Fellow adventure racer and performance nutritionist Laura Mahony shares her expertise on what we need to fuel our training.
Just as we all plan our training regimes, whether that is our cycling, running, kayaking or strength and core work, we must also plan our nutrition intake around our training.
A mistake made by many endurance athletes is not changing their nutrition intake as energy demands change. As a Performance Nutritionist, part of my job is to educate athletes on the importance of energy balance and nutrient timing.
Energy balance ensures you have the energy to complete the required training without compromising other bodily functions, for example immune system, bone health, endocrine or reproductive systems. Nutrient timing involves looking at the type, total and timing of your meals and snacks to ensure you are providing your body with the right fuel at the right time.
For example, carbohydrates are the body’s primary fuel source for high-intensity exercise, therefore if you are planning high-intensity bike or running sessions, carbohydrate content of meals/snacks around training time should increase.
If you are building up your fitness base and doing lower-intensity runs or cycles then your body’s primary energy source will be fat and you don’t need to rely on increasing carbohydrate intake to support this, regular meals with a carbohydrate component should suffice.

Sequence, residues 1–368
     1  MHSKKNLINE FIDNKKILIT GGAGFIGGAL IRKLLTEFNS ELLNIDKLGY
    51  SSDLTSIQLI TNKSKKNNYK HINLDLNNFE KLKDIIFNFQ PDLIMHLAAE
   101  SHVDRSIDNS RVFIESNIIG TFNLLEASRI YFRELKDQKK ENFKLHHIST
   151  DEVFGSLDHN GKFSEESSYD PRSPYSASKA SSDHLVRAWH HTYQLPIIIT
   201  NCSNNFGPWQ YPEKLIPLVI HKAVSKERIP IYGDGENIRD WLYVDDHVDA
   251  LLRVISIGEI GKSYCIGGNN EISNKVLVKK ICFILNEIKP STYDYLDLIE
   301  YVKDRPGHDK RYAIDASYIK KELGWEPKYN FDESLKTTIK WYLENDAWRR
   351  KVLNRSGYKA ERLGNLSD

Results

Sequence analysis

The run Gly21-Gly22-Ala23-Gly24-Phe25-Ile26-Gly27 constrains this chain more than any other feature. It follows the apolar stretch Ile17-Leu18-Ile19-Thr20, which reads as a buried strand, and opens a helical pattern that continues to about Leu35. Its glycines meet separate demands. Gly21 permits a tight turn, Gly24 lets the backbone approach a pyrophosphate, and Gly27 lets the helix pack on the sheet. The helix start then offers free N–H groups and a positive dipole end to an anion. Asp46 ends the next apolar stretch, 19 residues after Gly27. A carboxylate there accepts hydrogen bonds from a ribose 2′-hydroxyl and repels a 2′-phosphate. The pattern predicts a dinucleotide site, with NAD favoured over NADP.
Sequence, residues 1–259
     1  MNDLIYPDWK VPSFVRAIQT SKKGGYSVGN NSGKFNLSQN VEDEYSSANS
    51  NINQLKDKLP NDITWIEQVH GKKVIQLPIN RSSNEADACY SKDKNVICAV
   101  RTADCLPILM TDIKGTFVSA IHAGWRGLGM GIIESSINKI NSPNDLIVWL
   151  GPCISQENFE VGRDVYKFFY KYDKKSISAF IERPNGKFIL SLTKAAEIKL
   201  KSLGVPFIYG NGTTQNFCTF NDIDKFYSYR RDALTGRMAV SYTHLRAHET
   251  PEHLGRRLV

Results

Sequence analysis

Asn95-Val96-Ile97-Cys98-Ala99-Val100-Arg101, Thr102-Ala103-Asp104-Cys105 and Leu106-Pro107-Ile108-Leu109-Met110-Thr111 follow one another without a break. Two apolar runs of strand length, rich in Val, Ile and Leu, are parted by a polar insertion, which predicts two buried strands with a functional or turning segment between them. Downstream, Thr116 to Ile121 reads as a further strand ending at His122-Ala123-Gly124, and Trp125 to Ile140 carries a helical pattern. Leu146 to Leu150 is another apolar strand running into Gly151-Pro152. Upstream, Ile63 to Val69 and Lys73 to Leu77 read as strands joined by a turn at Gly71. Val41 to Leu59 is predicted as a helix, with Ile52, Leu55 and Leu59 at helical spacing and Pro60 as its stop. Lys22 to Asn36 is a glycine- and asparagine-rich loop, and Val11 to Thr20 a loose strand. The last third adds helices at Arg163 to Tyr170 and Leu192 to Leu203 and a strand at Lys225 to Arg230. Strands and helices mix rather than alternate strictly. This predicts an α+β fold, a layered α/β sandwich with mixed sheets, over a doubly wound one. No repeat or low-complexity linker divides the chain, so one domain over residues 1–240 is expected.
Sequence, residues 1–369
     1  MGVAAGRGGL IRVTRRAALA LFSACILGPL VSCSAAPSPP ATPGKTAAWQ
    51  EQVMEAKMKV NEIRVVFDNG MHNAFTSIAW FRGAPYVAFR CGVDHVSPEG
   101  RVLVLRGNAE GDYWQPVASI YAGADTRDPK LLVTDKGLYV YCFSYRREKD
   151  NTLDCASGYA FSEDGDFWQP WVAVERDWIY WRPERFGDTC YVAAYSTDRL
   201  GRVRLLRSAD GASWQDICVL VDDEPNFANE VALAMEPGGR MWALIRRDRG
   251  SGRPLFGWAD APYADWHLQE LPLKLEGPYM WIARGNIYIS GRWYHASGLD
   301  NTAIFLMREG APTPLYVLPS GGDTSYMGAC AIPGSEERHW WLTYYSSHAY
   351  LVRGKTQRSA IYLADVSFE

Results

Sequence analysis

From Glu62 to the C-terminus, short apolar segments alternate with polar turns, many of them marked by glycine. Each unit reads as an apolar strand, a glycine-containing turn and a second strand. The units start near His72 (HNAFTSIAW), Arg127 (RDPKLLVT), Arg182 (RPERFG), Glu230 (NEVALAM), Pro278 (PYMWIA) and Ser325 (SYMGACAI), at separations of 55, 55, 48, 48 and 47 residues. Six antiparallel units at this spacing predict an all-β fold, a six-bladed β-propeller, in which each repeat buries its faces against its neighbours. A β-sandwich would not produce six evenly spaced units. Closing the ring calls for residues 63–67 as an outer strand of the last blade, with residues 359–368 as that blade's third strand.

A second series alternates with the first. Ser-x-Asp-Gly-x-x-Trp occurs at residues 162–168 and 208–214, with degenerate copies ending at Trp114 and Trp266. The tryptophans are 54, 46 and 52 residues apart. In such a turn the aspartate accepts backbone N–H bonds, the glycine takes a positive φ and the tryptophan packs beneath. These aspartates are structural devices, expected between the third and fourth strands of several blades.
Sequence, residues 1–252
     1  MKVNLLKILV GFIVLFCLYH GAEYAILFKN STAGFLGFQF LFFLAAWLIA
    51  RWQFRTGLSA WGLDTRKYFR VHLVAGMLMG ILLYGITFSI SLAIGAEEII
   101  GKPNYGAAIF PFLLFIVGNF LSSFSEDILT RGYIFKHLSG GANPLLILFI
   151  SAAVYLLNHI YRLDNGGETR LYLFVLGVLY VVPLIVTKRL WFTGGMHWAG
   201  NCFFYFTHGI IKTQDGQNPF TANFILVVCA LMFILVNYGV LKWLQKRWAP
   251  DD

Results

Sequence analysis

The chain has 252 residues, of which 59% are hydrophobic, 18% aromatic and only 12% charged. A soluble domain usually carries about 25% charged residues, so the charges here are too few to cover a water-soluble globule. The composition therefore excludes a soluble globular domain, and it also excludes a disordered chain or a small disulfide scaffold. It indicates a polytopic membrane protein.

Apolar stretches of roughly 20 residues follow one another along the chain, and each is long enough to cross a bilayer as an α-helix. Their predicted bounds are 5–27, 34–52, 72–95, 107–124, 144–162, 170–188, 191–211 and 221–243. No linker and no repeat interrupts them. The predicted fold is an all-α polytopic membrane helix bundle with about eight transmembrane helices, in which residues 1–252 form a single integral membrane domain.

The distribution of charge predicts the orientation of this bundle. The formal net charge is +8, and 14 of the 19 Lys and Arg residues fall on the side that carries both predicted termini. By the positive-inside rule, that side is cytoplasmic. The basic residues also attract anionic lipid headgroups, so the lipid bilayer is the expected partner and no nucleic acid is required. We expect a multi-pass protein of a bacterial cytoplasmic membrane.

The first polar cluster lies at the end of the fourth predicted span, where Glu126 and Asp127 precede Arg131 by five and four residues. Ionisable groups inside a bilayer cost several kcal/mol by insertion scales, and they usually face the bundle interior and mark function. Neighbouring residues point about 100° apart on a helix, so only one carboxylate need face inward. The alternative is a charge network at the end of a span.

If you are looking to gain or reduce body weight, then you will need to look at total energy intake and adjust your proportions of carbohydrates, fats and protein accordingly.
A simple way of visualising daily energy intake is basing each meal around the Athlete Plate Model.
In practical terms, this could simply mean increasing the portion size of porridge you have in the morning if you are about to go for a longer and quicker run/bike ride than normal.
If on the other hand you are planning to take it easy on the bike, do you need to have the extra slice of toast with your breakfast to fuel your ride? No, is the answer here.
If you come back from a really hard bike and run combined session and have no food ready to eat a smoothie makes an ideal recovery ‘go-to’ option. You can adjust the nutrients and calories to meet your own energy demands and it is ready in literally 2 minutes.
Try this delicious Recovery Smoothie:
125g Natural yogurt
Handful of frozen berries
Honey to sweeten
Optional – spoon of nut butter / chia seed / cinnamon
Laura Mahony (LMNutrition.ie) is a registered dietitian and performance nutritionist working with elite sportspeople for over 10 years via Sport Ireland Institute, Connacht Rugby and the Sport Institute Northern Ireland. She is an active adventure racer herself and comes from a family of adventure racers, even though she is normally the one that all the rest of the family are waiting on at the finish-line!